June 2007 -- The pilot New Flyer trackless trolley, no. 800, arrived in Philadelphia for testing. Thirty-seven more would follow, and currently provide service on Routes 59, 66 and 79.
|Forty-three 300-series Marmon-Herrington trackless trolleys were purchased
by PTC when the Route 66 was converted from a streetcar line in 1955. The
Route 66 starts at the northern terminus of the Market-Frankford El, and
runs 6 miles to the city line at Knights Road in Torresdale. An extra set
of wires on this route allows for express service during rush hours. |
December 17, 1977 photo © Mike Szilagyi
|Of the 1624 trolleybuses built for 16 American cities by Marmon Herrington in Indianapolis, Indiana, 71 were built for Philadelphia.
photo © Mike Szilagyi
|Route 75 runs from the Margaret-Orthodox station of the Frankford El,
west along Wyoming Avenue, connecting to the Broad Street Subway in Logan,
and on to lower Germantown where connections could be made to the Routes
23 and 53 trolleys. Here Marmon 343 runs two blocks along the southbound
"outer drive" of the Roosevelt Boulevard in Logan. The Route 75 was rerouted
through Logan when this line was converted from streetcars in 1948. |
December 5, 1976 photo © Mike Szilagyi
|Across all twelve lanes of Roosevelt Boulevard from the photo above, Marmon
497 turns from the Boulevard to resume its eastbound run on Wyoming Avenue.
The twenty-eight 400-series Marmons were built in 1949, and were one window
shorter than the 300-series Marmons constructed in 1955. |
November 1, 1976 photo © Mike Szilagyi
|When SEPTA took over the PTC in 1968, the PTC wing emblem on thousands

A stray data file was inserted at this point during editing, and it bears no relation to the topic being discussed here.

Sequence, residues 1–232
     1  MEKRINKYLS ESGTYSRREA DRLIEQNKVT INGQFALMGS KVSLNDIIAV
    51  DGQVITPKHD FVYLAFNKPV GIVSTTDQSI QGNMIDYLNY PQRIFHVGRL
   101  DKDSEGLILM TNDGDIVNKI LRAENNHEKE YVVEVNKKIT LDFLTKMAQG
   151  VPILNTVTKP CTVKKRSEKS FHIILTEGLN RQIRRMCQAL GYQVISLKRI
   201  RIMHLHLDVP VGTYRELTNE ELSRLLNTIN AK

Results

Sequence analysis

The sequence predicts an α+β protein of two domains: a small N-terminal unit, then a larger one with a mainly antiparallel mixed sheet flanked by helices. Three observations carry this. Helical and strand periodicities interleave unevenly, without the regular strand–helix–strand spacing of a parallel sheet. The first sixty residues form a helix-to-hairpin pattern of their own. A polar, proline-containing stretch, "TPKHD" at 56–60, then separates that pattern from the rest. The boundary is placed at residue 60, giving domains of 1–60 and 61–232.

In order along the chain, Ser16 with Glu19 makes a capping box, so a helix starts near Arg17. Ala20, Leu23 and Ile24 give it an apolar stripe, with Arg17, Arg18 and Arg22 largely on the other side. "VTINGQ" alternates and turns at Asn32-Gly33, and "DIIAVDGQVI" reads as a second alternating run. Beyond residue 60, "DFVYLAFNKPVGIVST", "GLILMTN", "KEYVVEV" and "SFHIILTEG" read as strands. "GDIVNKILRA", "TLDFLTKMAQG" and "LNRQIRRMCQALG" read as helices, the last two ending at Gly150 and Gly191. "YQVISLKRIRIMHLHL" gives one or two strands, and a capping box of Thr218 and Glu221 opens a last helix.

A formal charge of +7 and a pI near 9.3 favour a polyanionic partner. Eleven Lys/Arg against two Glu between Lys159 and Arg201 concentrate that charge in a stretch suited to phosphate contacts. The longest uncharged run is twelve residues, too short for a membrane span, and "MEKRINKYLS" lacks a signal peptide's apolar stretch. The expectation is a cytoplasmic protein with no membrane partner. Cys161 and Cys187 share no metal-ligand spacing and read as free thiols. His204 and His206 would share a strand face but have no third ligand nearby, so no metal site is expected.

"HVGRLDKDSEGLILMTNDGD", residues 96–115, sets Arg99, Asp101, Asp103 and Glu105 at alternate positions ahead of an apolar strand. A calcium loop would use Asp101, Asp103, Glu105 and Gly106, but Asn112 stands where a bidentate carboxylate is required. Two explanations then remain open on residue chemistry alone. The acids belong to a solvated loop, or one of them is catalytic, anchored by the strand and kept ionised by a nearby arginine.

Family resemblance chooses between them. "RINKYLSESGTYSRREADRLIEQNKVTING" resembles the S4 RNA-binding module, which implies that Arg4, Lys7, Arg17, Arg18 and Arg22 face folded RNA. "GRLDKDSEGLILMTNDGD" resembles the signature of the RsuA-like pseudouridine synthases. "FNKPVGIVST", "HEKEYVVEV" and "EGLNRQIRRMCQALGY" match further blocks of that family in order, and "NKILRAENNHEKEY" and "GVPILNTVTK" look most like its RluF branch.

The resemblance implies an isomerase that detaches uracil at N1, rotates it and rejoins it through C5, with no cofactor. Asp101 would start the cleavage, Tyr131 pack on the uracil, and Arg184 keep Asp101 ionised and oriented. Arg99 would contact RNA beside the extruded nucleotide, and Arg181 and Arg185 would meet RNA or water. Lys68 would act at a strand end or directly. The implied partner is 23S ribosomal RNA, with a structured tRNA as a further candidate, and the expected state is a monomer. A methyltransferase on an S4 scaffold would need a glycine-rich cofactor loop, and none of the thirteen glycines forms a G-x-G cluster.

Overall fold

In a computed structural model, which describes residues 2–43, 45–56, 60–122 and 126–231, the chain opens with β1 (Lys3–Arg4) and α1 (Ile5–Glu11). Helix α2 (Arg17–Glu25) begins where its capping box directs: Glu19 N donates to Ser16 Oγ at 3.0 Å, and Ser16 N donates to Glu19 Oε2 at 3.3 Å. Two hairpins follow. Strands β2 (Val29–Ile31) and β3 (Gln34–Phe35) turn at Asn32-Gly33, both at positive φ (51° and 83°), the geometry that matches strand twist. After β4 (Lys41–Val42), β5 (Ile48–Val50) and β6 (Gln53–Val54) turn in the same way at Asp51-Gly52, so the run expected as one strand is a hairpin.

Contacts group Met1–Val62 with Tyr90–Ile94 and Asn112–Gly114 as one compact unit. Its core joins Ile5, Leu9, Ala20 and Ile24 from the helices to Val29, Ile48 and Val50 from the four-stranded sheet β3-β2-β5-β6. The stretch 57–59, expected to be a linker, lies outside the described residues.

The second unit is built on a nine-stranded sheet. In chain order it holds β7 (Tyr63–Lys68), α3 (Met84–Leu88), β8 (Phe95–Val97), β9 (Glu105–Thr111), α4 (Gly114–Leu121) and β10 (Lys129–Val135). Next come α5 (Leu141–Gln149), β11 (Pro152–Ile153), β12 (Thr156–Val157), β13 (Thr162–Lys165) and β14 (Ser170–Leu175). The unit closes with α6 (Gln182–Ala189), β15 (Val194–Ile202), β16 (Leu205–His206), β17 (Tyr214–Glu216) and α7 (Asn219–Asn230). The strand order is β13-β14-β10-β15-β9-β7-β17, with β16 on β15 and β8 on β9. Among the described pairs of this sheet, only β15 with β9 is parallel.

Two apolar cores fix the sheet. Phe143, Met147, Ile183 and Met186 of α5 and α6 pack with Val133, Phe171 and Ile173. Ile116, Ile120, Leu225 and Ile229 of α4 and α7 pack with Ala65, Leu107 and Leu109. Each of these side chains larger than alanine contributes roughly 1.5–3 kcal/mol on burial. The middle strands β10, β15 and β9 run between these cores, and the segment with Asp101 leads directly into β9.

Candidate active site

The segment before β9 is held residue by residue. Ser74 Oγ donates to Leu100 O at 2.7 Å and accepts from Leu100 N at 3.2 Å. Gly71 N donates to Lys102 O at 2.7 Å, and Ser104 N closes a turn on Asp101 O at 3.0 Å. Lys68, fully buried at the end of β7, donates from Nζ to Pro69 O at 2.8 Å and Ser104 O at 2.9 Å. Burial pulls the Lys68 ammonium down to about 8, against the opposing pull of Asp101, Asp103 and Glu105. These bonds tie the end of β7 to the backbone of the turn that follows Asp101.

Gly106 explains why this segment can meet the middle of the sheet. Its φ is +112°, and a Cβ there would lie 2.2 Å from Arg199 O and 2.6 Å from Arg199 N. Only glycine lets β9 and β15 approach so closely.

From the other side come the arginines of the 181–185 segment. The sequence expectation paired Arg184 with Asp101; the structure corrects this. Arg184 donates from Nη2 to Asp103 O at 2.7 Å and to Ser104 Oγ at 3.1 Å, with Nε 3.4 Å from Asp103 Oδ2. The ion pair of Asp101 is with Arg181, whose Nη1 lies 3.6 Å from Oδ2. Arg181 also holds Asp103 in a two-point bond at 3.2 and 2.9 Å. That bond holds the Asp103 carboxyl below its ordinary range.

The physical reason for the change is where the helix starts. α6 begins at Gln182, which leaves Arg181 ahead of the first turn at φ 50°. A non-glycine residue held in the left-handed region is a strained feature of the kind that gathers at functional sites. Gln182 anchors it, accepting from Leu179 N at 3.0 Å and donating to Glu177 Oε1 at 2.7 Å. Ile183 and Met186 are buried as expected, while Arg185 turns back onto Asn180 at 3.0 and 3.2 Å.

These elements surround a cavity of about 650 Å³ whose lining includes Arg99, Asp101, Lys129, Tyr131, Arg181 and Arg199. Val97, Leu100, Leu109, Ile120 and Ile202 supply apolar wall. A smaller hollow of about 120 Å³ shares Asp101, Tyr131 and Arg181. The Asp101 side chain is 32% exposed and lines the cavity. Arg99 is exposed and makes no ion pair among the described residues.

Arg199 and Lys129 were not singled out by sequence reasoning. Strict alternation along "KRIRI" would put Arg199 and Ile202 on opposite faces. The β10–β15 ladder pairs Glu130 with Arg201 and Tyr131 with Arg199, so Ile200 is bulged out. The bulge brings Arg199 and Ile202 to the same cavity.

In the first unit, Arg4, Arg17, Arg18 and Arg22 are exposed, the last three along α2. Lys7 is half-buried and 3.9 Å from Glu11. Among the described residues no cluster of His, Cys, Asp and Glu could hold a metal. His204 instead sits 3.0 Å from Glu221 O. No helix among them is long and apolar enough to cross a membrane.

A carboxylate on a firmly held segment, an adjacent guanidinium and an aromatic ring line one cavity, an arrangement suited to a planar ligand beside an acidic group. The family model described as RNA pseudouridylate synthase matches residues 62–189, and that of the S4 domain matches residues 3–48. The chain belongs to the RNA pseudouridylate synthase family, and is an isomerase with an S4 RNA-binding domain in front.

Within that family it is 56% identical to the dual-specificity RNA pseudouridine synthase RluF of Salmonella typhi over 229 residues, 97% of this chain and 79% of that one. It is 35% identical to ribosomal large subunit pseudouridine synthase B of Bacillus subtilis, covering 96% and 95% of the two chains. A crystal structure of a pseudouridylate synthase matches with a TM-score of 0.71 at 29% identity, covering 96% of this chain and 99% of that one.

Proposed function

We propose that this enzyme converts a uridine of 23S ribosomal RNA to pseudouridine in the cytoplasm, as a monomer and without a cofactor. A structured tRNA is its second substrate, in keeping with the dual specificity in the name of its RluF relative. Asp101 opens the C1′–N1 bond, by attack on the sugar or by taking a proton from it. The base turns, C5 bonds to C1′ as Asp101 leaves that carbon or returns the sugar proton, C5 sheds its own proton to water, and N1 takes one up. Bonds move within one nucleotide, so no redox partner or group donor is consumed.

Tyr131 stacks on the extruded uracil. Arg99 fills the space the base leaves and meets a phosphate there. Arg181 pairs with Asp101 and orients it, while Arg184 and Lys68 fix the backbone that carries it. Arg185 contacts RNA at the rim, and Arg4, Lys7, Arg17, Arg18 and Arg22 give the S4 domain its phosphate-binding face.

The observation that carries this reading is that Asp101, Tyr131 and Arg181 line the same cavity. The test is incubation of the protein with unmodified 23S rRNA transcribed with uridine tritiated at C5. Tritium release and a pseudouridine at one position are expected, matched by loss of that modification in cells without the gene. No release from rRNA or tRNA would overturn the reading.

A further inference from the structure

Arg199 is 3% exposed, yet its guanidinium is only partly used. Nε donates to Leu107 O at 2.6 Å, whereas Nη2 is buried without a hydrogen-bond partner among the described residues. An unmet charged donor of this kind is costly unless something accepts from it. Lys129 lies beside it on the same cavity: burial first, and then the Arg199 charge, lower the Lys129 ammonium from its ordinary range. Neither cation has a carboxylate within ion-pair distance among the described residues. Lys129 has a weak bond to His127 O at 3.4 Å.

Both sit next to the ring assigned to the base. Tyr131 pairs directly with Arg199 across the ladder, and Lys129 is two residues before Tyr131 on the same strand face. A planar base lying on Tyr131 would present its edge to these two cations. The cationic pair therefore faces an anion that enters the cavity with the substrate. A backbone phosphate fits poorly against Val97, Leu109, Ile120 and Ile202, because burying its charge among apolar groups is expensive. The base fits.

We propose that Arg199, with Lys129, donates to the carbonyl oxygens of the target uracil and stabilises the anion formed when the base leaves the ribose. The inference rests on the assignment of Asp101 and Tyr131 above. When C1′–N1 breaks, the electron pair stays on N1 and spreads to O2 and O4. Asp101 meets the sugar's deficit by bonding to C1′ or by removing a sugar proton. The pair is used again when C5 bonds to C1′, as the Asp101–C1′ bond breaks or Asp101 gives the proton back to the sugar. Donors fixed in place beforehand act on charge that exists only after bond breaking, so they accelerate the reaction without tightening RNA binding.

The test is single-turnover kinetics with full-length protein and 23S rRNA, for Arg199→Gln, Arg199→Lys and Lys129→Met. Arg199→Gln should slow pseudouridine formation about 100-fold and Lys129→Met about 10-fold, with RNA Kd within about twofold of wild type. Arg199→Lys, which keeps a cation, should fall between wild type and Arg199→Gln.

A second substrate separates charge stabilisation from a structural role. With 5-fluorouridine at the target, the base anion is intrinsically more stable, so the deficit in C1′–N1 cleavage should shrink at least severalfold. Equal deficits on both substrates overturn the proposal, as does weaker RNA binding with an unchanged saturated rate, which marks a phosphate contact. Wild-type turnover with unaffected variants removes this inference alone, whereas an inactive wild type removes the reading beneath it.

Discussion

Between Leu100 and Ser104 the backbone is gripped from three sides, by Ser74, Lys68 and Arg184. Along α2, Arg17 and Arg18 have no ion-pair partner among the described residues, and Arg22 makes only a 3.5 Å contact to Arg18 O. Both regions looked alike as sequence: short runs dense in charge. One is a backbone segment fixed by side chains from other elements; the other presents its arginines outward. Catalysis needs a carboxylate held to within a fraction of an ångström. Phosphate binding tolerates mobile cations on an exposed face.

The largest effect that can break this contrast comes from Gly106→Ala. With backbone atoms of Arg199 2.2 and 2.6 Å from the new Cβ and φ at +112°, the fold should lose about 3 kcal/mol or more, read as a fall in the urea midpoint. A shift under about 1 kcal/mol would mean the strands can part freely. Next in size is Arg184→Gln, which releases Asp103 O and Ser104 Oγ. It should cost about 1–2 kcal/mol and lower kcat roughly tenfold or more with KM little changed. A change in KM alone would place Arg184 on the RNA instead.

of transit vehicles disappeared almost overnight. A plain rectangle lettered
"SEPTA" was slapped over each Wing. But Marmon-Herrington trackless
trolley 318 kept its PTC Wing at least until summer 1977, when this photo
was taken at Frankford Depot. The Wing seems to have survived beneath an
advertising panel, only briefly revealed each time the advertising card
was changed. By 1977, the bracket meant to hold the advertising cards had
been removed. |
June 15, 1977 photo © Mike Szilagyi
|Winter road salt has coated the two-tone green and white
paint on this 1955 Marmon, seen here westbound on Wyoming Avenue at 9th
Street. Nine hundred and fifty-seven rowhouses on seventeen square
blocks in the Logan section of Philadelphia have since been demolished,
as their settling foundations caused collapses and gas leaks. A corrupt
city administration eighty years ago set up this disaster, by ordering all
coal ash in the city to be hauled to this site. The land happened to be
owned by real estate developer friends of the then-mayor. The marshy flood
plain along Wingohocking Creek was filled with as much as 40 feet of ash,
and the townhouses built on this unstable fill began settling almost as
soon as they were completed. |
January 22, 1977 photos © Mike Szilagyi
|Here is the exact same location, 22 years later.
Trackless trolleys continue to serve on this route, although ridership
has declined in recent years. In these photos, AM General trackless 826
heads westbound on Route 75. El and terminal reconstruction at the eastern
end of this line forced the substition of diesel buses for several years.
Scroll to the bottom of this page for more information about the "Logan Triangle."
|Frankford Depot was totally rebuilt from streetcar barn to a bus garage
by the new National City Lines (General Motors) management in 1955. In 1980
Marmon-Herrington trackless trolleys still provided service on the three
trolleybus routes that radiated from Frankford. |
March 13, 1980 photo © Mike Szilagyi
|Sixty-five Brill model TC-44 trackless trolleys were purchased in 1947
by PTC for service on Routes 59 and 75 in Northeast Philadelphia. Relatively